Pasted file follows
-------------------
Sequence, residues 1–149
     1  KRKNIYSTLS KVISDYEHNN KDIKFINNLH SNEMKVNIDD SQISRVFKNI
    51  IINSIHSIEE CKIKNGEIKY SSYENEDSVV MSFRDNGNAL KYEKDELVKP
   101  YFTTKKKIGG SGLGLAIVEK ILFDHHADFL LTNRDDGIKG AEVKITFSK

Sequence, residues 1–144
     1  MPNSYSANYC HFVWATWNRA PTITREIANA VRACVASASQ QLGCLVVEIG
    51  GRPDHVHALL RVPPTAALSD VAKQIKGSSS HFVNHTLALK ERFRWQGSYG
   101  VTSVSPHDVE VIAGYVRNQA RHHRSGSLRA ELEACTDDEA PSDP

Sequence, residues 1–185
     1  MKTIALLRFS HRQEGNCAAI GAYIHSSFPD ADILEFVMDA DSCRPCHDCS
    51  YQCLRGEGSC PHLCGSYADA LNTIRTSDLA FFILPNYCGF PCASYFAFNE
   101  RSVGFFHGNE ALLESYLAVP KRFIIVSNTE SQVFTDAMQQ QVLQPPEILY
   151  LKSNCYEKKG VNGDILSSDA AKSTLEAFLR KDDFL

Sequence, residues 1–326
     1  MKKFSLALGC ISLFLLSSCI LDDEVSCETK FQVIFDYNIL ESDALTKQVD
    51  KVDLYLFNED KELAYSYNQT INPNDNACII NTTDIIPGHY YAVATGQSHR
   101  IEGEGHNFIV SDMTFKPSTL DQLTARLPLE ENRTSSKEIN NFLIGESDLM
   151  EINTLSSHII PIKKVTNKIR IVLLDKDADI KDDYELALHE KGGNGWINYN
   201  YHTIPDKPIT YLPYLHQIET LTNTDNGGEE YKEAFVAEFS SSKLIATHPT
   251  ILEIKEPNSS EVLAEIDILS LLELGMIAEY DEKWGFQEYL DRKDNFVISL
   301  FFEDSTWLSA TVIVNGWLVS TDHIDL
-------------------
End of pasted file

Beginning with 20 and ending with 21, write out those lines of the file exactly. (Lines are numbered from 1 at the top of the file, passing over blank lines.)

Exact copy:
   251  ILEIKEPNSS EVLAEIDILS LLELGMIAEY DEKWGFQEYL DRKDNFVISL
   301  FFEDSTWLSA TVIVNGWLVS TDHIDL